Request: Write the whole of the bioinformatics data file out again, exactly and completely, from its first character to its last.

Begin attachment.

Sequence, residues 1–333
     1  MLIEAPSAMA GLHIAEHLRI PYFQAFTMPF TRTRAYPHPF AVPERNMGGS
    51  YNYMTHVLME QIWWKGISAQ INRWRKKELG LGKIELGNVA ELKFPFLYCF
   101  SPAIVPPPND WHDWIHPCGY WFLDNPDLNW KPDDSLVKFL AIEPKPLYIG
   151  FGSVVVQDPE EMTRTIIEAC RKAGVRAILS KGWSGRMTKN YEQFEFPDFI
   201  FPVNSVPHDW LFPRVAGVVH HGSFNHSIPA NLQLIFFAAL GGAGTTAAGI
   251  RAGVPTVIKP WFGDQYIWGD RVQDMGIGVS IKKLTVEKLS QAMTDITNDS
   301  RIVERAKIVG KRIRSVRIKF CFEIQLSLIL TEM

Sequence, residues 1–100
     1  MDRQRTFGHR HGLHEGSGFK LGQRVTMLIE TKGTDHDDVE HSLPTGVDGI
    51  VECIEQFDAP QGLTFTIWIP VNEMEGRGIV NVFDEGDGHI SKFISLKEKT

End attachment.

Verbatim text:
Sequence, residues 1–333
     1  MLIEAPSAMA GLHIAEHLRI PYFQAFTMPF TRTRAYPHPF AVPERNMGGS
    51  YNYMTHVLME QIWWKGISAQ INRWRKKELG LGKIELGNVA ELKFPFLYCF
   101  SPAIVPPPND WHDWIHPCGY WFLDNPDLNW KPDDSLVKFL AIEPKPLYIG
   151  FGSVVVQDPE EMTRTIIEAC RKAGVRAILS KGWSGRMTKN YEQFEFPDFI
   201  FPVNSVPHDW LFPRVAGVVH HGSFNHSIPA NLQLIFFAAL GGAGTTAAGI
   251  RAGVPTVIKP WFGDQYIWGD RVQDMGIGVS IKKLTVEKLS QAMTDITNDS
   301  RIVERAKIVG KRIRSVRIKF CFEIQLSLIL TEM

Sequence, residues 1–100
     1  MDRQRTFGHR HGLHEGSGFK LGQRVTMLIE TKGTDHDDVE HSLPTGVDGI
    51  VECIEQFDAP QGLTFTIWIP VNEMEGRGIV NVFDEGDGHI SKFISLKEKT